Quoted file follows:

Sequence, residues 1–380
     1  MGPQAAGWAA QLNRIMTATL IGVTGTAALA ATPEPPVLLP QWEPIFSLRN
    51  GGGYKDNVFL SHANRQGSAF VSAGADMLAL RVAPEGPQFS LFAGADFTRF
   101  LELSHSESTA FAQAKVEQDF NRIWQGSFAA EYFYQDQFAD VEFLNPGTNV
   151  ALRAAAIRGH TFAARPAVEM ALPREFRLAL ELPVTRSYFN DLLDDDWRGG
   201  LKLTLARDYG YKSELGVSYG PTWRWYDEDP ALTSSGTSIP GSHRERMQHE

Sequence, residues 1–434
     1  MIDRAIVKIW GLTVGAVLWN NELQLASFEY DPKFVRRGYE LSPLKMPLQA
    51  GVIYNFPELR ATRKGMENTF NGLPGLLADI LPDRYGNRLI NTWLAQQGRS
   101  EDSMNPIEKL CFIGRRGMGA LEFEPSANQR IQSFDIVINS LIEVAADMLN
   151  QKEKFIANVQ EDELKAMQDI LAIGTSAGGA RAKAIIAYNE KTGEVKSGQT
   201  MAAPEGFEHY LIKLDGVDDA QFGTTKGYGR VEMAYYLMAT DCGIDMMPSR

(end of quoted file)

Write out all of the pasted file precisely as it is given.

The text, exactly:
Sequence, residues 1–380
     1  MGPQAAGWAA QLNRIMTATL IGVTGTAALA ATPEPPVLLP QWEPIFSLRN
    51  GGGYKDNVFL SHANRQGSAF VSAGADMLAL RVAPEGPQFS LFAGADFTRF
   101  LELSHSESTA FAQAKVEQDF NRIWQGSFAA EYFYQDQFAD VEFLNPGTNV
   151  ALRAAAIRGH TFAARPAVEM ALPREFRLAL ELPVTRSYFN DLLDDDWRGG
   201  LKLTLARDYG YKSELGVSYG PTWRWYDEDP ALTSSGTSIP GSHRERMQHE

Sequence, residues 1–434
     1  MIDRAIVKIW GLTVGAVLWN NELQLASFEY DPKFVRRGYE LSPLKMPLQA
    51  GVIYNFPELR ATRKGMENTF NGLPGLLADI LPDRYGNRLI NTWLAQQGRS
   101  EDSMNPIEKL CFIGRRGMGA LEFEPSANQR IQSFDIVINS LIEVAADMLN
   151  QKEKFIANVQ EDELKAMQDI LAIGTSAGGA RAKAIIAYNE KTGEVKSGQT
   201  MAAPEGFEHY LIKLDGVDDA QFGTTKGYGR VEMAYYLMAT DCGIDMMPSR